Sweet Medicine

Another indigenous woman interviewed ahead of the Synod was Sweet Medicine Nation, a Native American woman medicine healer of Chickasaw lineage. Living in Oregon’s green forest for the last 50 years, she has worked to give voice to those things of nature that cannot speak. 

Sweet Medicine: “What I would speak to in a Synod is to speak for all of those who have no voice [and no way] to stand in a Synod: the trees, the water, and the animals. […] I would speak for the animals that are becoming extinct because of our greed. […] I would to speak to the vulnerability of our wanting to control things that are natural. […] I would say that I come here as a representative of the world of nations that cannot stand before you today and I would [say] consider who and what is the higher law. The natural law was here before we had language. And who are we to feel as if we have the higher law when it is in God’s hands, the great Mystery’s hands. What befalls us? We must guard and protect the knowledge and the wisdom of our inner council before we even turn ourselves over to other councils. I would ask each one of you [at the Synod on the Amazon] to consider when you deliberate and make decisions that you are looking at the total of those that you have been entrusted to care for. The fish can’t make it home if when we are farming, polluting lakes, and rivers and ocean. We are farming fish. They don’t want to be farmed, they want to be free just like you and me. We need to remember compassion and non-judgment. … We don’t understand others’ ways until we walk in their moccasins”.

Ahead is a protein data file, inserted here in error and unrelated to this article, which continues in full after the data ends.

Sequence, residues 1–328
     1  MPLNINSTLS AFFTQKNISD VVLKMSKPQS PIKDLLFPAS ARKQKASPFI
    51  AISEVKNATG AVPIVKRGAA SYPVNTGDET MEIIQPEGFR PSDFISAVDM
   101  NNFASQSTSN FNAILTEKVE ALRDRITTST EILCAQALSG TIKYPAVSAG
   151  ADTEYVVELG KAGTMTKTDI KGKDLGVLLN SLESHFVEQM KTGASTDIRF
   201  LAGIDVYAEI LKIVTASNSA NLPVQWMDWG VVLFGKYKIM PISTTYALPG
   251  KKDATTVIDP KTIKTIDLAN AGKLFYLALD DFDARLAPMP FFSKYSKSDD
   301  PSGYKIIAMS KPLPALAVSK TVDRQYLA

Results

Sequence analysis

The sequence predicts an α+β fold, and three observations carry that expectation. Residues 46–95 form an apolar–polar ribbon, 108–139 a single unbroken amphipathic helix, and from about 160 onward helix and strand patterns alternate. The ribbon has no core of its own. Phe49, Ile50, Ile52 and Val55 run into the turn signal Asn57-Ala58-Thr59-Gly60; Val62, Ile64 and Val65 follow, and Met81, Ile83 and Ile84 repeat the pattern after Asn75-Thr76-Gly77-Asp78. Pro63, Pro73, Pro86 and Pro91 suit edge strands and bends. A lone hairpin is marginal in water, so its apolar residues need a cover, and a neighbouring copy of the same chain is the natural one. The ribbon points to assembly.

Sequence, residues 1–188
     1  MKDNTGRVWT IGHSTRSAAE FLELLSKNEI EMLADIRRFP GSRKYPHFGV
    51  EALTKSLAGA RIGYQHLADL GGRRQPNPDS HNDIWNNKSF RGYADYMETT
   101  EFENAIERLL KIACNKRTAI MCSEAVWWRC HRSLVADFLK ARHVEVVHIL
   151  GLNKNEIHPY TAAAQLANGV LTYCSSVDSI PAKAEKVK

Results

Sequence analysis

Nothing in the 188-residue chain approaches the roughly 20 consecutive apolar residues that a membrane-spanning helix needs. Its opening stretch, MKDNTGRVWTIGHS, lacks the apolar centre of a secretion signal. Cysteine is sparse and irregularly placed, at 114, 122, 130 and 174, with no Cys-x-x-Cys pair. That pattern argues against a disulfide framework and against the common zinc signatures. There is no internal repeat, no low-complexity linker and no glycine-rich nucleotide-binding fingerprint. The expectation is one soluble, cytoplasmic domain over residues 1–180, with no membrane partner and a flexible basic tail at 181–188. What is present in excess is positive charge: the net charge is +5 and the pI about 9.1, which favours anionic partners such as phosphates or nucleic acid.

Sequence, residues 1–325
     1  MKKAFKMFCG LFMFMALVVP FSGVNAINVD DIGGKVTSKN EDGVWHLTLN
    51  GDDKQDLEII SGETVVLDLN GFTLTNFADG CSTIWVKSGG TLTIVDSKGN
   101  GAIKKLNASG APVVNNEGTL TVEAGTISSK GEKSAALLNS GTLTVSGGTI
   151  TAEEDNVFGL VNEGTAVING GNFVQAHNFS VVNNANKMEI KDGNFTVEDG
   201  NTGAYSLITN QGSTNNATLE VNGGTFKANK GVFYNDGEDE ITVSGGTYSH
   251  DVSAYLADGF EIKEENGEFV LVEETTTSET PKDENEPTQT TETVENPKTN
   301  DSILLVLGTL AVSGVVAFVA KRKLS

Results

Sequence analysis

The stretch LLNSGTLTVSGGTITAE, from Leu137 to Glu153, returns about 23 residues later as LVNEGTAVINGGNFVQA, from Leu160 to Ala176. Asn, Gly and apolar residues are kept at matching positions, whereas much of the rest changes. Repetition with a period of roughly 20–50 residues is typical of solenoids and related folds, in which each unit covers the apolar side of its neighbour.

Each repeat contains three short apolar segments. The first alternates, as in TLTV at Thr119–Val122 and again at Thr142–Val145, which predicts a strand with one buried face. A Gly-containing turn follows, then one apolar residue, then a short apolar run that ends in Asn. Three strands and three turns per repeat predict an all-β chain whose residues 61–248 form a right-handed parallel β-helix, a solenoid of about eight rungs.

As a representative of the Cry for Life Network (Rede um Grito pela Vida), working to combat human trafficking in the Amazon region of Brazil, Sister Roselei Bertoldo was one of those invited to participate in the Synod. Through her involvement in the process leading up to the Synod, she heard the voices of women across the Amazon naming situations of death, for example, the destruction of the environment and indigenous communities. “The women of the Amazon bring to the surface all of these realities: internal migration and international immigration, the lack of jobs and life opportunities. The expulsion of communities in the rural regions due to mega projects such as hydro-electric dams, mining, and agro-business also destroys local cultures.”